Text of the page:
Detroit: Become Human Devs Detail the Game’s Impressive Level of Player Choice

Nathan Birch

Recent Sony-published games like Until Dawn and Hidden Agenda have put a lot of emphasis on player choice, and it sounds like Detroit: Become Human is going to push this Butterfly Effect mechanic to the next level. In a new IGN First video, the makers of Detroit detail the impressive level of player choice possible, and explain why it matters to the game. Check it out, below.

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According to Detroit creative director David Cage, Detroit will go beyond the typical “left path or right path” choices we’ve seen in games in the past…

“Depending on how you play, there are entire scenes you can see or miss. There are characters that can be with you for just one scene or until the very end of the game. In Detroit, all the three player characters can die at different points in the story, so you really have to be careful and think about your choices, and really care for them, because you might lose them. It's always surprising to see the permutations [when people play Detroit] -- how did you get this? How did you do that? It's a real nightmare for the QA teams to be honest with you. “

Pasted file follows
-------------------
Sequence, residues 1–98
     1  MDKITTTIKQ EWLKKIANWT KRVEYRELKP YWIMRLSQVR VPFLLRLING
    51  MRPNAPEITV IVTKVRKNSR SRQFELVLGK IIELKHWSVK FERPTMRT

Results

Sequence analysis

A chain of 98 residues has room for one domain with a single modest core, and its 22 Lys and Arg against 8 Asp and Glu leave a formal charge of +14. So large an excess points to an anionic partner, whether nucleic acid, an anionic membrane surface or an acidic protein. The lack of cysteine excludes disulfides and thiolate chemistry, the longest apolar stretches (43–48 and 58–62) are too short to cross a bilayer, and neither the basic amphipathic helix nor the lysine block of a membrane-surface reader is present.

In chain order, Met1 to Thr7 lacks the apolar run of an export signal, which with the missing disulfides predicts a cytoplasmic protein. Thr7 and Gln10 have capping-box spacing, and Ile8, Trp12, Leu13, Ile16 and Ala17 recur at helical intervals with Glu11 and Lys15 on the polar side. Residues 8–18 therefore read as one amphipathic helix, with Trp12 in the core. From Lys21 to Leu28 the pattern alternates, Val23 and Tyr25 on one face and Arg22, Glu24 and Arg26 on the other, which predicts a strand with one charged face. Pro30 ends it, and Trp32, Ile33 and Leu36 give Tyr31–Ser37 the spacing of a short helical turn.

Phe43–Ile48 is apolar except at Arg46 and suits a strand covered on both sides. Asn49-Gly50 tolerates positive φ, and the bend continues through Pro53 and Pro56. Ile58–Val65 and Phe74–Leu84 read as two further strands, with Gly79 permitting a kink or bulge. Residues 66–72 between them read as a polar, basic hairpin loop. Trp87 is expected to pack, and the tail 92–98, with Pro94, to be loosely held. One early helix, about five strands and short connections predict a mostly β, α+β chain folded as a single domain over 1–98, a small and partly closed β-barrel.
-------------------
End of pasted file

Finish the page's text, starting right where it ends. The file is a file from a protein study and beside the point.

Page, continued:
So, how many endings will this branching approach result in? It’s not quite that simple says Detroit head writer Adam Willaims.

"The story you get when you play the game will be incredibly personal to you. You're going to get a kind of ‘narrative fingerprint,’ because no two people are going to get quite the same experience. There's a map of all the possibilities in the game, and it looks like a constellation or galaxy. The question 'How many endings are there?' implies there's one horizontal axis of 'Ending A, Ending B, Ending C,' but even what one considers an ending is variable. There's not a cannon version of Detroit. It's not a single story you can tweak, it's a context in which you can make your own story."

Detroit: Become Human and Quantic Dream have been the subject of controversy as of late. The French studio has been rocked by allegations of harassment and an unhealthy studio culture, which the company’s leaders have dismissed as “ridiculous, absurd, and grotesque” and a “smear campaign.” Needless to say, there’s a bit of a cloud hanging over Detroit: Become Human, but maybe the game can rise above the controversy if it ends up being as innovative as promised. We shall see.

Detroit: Become Human launches exclusively on PS4 on May 25.

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